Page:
As concern grows over the potential loss of community development and planning funds at the federal level, Indigo Bishop writes to remind us that communities have the networks and resources to make it through periods of scarcity.
Chicago's Englewood neighborhood recently saw the opening of a Whole Foods, Starbucks, and other retailers in a bit of a good news, for a neighborhood that's challenged by low employment and high violence.
The city of Waukesha will be able to pump water from the Great Lakes to replace its contaminated local ground water supply. It's the first community outside the Great lakes watershed allowed to divert water under terms of the Great Lakes Compact.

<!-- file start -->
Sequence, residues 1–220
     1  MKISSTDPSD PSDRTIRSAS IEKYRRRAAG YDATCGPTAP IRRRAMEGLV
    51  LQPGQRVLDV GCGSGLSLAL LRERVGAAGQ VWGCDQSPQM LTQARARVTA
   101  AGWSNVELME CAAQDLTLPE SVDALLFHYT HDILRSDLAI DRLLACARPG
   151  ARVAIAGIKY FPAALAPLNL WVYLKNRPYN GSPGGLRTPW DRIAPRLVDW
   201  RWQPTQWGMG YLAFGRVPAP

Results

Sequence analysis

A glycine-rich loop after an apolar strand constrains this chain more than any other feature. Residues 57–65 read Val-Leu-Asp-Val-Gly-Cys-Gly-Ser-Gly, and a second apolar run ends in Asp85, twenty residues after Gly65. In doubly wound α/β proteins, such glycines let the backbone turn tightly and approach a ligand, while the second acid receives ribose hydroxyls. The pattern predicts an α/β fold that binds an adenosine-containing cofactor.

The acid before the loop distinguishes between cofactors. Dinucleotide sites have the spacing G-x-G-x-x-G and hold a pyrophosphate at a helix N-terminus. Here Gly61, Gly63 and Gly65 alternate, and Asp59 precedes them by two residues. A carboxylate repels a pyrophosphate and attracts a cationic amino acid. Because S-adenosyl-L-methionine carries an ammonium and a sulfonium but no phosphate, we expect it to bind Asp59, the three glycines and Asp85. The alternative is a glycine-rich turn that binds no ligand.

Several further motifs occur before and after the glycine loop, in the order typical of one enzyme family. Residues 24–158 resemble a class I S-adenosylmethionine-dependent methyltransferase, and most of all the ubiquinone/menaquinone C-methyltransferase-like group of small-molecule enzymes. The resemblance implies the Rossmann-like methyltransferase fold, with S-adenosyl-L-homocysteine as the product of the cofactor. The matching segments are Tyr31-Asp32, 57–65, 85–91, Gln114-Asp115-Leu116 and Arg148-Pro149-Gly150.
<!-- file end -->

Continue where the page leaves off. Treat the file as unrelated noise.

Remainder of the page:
While a federally-funded network of bike paths is in the works elsewhere in the city, the Major Taylor Trail gets little use from Chicago residents. The main problems are a lack of awareness and the South Side's fearsome reputation.
Instead of voting on new taxes to reduce transportation revenue shortfalls, Illinois voters will decide on a constitutional amendment to ensure that transportation fees and taxes are only spent on roads and transit, the so-called "lockbox" measure.
Why are folks fleeing from the city and the state in record numbers? Is domestic migration to blame for the Chicago region's population loss last year of over 6,000 and the state's loss of over 22,000 people?
With underground parking spaces costing $37,000 and more to build in Chicago, it might come as a shock that a recent study found much more parking supply than demand around the city's apartment buildings.
The high-water marks showing where the last boom broke under the pressure of the Great Recession are still visible in cities all over the country. The Chicago Tribune recently checked on a particularly poignant example in Chicago.